Sunday, September 13, 2015

The Ghost and Mrs. Muir (1947)

At the turn of the century, recent widow Lucy (Gene Tierney) rents a seaside house against the wishes of her in-laws and the realtor. Turns out the house is haunted by the salty sea captain (Rex Harrison) who committed suicide there four years earlier. Soon, love blooms.

The Ghost is a romantic drama period film. A post-war remembrance of a simpler time. Gene and Rex both are wonderfully restrained in their performances. Here the ghost-romantic drama was invented, later to be ruined by Ghost.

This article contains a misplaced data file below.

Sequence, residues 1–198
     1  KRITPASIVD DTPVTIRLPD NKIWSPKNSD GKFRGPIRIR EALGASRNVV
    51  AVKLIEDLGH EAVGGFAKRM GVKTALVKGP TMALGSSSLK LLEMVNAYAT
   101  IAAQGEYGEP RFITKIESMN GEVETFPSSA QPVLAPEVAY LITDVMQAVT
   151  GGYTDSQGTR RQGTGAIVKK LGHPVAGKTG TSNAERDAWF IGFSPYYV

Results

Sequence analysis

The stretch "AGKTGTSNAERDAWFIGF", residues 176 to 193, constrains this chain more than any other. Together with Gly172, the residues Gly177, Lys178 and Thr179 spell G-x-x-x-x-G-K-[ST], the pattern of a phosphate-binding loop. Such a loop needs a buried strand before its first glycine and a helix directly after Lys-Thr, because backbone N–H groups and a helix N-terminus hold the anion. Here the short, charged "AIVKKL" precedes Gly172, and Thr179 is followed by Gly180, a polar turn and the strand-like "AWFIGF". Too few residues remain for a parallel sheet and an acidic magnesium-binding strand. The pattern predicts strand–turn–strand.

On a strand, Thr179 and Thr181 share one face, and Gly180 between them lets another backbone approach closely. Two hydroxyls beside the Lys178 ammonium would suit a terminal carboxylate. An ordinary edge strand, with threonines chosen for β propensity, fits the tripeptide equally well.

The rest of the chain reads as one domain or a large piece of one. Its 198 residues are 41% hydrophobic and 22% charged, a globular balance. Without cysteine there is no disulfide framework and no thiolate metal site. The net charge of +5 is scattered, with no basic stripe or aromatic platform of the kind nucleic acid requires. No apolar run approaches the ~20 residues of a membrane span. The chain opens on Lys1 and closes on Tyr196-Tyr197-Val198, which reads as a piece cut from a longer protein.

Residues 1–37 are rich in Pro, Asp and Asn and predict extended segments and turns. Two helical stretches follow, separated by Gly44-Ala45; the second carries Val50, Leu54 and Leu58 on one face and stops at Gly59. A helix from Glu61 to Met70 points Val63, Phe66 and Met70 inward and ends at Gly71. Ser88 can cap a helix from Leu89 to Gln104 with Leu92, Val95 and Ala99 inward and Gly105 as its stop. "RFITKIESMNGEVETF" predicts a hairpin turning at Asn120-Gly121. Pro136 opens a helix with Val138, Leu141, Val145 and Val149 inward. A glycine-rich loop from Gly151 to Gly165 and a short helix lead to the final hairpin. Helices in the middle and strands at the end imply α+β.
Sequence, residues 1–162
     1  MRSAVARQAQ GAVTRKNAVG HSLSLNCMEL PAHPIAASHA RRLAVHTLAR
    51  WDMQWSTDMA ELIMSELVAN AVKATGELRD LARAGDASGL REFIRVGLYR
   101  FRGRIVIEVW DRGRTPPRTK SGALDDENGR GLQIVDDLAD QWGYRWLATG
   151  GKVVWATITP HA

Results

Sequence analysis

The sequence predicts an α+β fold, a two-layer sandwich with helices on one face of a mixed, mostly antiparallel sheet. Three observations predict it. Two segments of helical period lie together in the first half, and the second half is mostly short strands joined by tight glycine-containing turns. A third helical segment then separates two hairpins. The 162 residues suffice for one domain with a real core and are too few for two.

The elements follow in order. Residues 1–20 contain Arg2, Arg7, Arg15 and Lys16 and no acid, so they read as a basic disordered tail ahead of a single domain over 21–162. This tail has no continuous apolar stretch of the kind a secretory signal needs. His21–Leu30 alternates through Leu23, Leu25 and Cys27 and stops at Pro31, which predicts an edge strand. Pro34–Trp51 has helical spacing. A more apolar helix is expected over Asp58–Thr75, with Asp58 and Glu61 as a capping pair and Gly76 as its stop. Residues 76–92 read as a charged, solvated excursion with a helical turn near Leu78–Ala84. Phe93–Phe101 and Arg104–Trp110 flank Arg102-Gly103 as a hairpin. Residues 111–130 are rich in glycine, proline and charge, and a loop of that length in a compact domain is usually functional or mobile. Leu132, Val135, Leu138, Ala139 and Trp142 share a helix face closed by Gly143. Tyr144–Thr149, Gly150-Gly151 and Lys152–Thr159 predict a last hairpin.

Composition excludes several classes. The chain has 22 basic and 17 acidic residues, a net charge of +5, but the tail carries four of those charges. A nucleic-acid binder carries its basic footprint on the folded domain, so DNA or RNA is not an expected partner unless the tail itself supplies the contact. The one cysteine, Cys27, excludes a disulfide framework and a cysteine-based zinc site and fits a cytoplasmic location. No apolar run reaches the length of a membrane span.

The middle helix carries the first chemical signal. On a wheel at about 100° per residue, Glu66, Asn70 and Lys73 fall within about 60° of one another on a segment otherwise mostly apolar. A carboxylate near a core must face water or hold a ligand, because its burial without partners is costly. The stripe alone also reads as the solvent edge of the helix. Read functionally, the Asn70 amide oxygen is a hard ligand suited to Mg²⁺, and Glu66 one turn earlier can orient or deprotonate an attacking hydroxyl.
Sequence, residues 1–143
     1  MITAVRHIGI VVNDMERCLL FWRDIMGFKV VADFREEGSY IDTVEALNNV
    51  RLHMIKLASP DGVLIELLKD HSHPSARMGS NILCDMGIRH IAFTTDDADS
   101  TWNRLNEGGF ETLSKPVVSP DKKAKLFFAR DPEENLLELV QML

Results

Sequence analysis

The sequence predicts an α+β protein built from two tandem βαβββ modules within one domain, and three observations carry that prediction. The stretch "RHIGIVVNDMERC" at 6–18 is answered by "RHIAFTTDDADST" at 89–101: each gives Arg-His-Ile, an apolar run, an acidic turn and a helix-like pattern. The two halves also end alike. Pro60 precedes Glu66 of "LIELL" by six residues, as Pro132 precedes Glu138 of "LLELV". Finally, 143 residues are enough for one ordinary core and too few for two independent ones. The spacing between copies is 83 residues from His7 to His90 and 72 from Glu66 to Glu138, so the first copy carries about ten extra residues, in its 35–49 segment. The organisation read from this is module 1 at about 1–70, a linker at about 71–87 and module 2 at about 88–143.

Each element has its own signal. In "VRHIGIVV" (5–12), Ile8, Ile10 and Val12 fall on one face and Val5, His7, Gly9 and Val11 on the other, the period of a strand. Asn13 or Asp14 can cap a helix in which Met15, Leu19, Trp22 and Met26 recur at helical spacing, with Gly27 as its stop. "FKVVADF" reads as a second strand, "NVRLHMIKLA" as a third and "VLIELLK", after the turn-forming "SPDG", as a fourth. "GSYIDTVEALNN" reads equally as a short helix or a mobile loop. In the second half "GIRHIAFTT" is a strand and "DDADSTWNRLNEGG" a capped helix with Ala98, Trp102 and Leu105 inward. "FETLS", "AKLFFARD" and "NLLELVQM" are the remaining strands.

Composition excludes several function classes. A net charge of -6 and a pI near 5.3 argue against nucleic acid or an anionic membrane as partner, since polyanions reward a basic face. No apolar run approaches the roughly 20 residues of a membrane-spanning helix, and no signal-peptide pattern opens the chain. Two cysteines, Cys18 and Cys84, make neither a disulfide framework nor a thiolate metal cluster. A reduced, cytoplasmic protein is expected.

Anna Lee, right off her success in Bedlam, has a small role. Her on-screen charisma muted to fit the roll. Lucy's daughter is a young Natalie Wood. The Gaelic word "muir", I learned, means "sea", the only woman a sailor can truly love.

The Ghost and Mrs. Muir is a very well crafted if cloyingly sentimental film. The sets, acting, and dialog is spot on, but there are no mysteries here. If you are surprised where the story leads, then you must hide your own Easter eggs. This movie is exactly what it intends to be. Tone and performances are spot on. Not exactly in my wheelhouse, but enjoyable never-the-less. AMRU 3.5.
"My dear, never let anyone tell you to be ashamed of your figure."

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